The most recent report on “State of Computer Science Education: Understanding Our National Imperative” provides a clear warning: “Nearly two-thirds of high-skilled immigration is for computer scientists, and every state is an importer of this strategic talent. The USA has 700,000 open computing jobs, but only 80,000 computer science graduates a year. We must educate American students as a matter of national competitiveness.”
As a result, every state in the Union has implemented from one to nine policies attempting to boost American students’ exposure to computer education, often adding it as a graduation requirement and often dumping significant money into a continual turnover of equipment that rapidly becomes obsolete.
These efforts go back over a decade. Yet we see little if any improvement in American students moving from U.S. K–12 into college computer science. Instead, the highest levels of Computer and Information Science graduates (64.3%) and Computer Science Post-docs (67.4%) in the U.S. remain foreign students on temporary visas.
Long ago, I took programming courses in Basic, Fortran, and Pascal. These were wasted credit hours because in just a few years, each of these computer languages went from being new to being obsolete.
It is impressive to see our young generation work rapidly on their cell phones and computers. But when they move into early jobs at the local hamburger restaurant or elsewhere, the digital equipment is unique and continually evolving. They learn rapidly. But this is not programming.
So I have asked colleagues with relatives in the computer industry what skills are central to computer programming? The answer came back: algebra and sentence diagramming. Algebra makes sense because of the logic behind that particular math. Sentence diagramming was a surprise until you consider the similar logic involved in mapping out the subject, actions of verbs, modifers, etc.
So where are those immigrants who are desperately needed to fill “computer jobs” coming from? And why are they more successful than American students? Nearly half of current advanced chip manufacturing is in Taiwan (TSMC) and South Korea (Samsung). “Our” new plants that are being built in Arizona not only have to import their machinery but also their trained talent from Asia.
I also check the Taiwan “Science Bulletin” issued in February of 2001, over 20 years ago. The front page is titled “Helping Semiconductor Technology Take Root in Taiwan” and discusses the million dollar Taiwan government donations to their National Science Council to establish semiconductor R&D. I turn the page to find the year 2000 rankings of students from major countries based on the international TIMSS assessment tests. In algebra, Taiwan is number one, followed by South Korea (2), Singapore (3), Japan (4) and Hong Kong (5). The U.S. ranked 16th. In content areas of science, Taiwan ranks first, Singapore (2), Hungary (3), Japan (4) and South Korea (5). The U.S. ranked 18th.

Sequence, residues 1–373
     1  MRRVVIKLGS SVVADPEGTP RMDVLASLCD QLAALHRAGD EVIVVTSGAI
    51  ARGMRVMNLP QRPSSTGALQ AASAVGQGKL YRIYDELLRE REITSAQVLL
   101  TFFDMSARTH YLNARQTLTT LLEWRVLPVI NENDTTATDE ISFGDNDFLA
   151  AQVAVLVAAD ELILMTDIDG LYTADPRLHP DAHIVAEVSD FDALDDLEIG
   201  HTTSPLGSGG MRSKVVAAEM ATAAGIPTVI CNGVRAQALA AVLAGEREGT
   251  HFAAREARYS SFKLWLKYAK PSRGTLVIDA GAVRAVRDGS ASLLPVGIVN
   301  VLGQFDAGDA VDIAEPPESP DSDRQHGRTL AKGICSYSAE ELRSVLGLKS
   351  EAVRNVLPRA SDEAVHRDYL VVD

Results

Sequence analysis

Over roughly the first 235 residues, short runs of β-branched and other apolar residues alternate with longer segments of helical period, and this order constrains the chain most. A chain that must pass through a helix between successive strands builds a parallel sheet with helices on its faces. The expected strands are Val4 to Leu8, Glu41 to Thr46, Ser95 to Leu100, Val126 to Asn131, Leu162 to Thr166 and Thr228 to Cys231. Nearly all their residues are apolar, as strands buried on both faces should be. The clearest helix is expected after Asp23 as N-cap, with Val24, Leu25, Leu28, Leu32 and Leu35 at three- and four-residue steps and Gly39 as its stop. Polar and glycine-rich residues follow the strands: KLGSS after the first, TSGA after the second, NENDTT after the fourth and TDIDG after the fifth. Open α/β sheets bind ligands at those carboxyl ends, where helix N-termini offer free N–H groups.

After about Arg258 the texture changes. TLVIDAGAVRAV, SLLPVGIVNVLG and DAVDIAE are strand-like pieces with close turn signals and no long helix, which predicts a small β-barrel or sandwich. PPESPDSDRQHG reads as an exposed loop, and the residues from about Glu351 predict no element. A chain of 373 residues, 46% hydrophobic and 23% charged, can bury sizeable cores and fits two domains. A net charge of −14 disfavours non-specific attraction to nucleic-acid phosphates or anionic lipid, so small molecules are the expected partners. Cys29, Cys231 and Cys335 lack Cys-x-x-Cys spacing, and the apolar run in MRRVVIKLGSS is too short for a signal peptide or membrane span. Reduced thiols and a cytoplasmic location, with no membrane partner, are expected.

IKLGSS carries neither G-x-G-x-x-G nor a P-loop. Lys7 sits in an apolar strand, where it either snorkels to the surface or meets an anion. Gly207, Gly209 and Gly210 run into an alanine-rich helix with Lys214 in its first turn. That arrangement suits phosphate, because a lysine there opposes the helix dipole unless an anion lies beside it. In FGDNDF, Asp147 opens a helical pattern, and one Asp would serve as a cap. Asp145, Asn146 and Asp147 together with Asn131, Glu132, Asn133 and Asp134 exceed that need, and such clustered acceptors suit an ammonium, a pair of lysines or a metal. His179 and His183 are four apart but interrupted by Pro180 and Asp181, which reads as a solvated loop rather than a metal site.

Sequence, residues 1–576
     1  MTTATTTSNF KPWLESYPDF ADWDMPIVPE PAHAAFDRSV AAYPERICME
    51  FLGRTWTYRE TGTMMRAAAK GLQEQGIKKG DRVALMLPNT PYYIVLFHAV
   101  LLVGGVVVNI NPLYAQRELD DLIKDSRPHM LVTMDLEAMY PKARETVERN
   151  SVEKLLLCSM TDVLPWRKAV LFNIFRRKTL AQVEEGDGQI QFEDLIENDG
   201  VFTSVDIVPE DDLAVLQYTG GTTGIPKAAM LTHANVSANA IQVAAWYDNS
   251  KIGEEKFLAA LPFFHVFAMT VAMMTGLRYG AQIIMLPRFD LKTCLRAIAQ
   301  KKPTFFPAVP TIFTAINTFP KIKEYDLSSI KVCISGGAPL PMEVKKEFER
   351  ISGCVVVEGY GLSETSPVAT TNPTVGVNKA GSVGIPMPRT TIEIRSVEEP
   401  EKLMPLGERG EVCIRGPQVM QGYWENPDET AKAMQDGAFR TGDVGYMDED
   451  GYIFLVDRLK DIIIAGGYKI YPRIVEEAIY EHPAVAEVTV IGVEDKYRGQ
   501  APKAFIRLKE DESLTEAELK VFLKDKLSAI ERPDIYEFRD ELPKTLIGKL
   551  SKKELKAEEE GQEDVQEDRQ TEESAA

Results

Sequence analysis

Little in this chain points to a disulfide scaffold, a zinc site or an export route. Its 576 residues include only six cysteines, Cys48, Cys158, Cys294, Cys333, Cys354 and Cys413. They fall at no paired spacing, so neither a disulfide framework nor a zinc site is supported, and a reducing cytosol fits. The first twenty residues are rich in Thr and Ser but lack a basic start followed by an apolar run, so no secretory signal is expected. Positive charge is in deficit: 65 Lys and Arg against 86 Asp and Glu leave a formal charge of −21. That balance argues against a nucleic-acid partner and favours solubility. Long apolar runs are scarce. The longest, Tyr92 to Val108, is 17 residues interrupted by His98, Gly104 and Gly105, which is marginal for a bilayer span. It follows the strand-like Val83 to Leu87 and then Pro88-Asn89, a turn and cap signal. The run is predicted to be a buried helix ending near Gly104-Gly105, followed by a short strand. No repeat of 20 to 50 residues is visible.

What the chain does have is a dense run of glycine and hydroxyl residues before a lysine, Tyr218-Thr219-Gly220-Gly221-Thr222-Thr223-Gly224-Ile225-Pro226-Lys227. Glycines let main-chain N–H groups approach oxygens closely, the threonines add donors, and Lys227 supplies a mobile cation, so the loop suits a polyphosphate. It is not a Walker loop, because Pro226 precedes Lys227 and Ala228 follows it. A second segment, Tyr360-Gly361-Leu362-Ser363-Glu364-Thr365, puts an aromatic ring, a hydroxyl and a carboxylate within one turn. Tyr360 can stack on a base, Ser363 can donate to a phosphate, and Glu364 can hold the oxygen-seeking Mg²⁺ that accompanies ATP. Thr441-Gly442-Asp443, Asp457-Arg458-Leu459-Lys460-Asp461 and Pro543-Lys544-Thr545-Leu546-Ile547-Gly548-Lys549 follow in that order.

The other major source of our computer programmers is India. I would recommend to readers that they go eat at some India food restaurants so you can talk with the younger men and women who graduated from high school in India before they came to the U.S. They grew up at home speaking one of many regional languages: Hindi, Bengali, Tamil, etc. But having a British colonial history, their schooling is in British English. And the major exam that they take at the end of high school that determines if and where they go to college includes sentence diagramming (direct and indirect objects, modifiers, prepositions, gerunds, infinitives, etc.). This skill is rigorously taught in high schools in India and learned by those wishing to continue their education. But class sizes in India are about 60 students. And computers are few.
Meanwhile in the U.S., sentence diagramming has been relegated to a minor part of English classwork or totally abandoned—it is not in the “Common Core.” And many states are now ending their requirement of algebra for attending college for non-science majors. Much of the increasing time our K-12 students now waste on classroom computers using soon-outdated coding would be much better spent increasing student coursework on algebra and sentence diagramming.
(John Richard Schrock has trained biology teachers for more than 30 years at Emporia State University)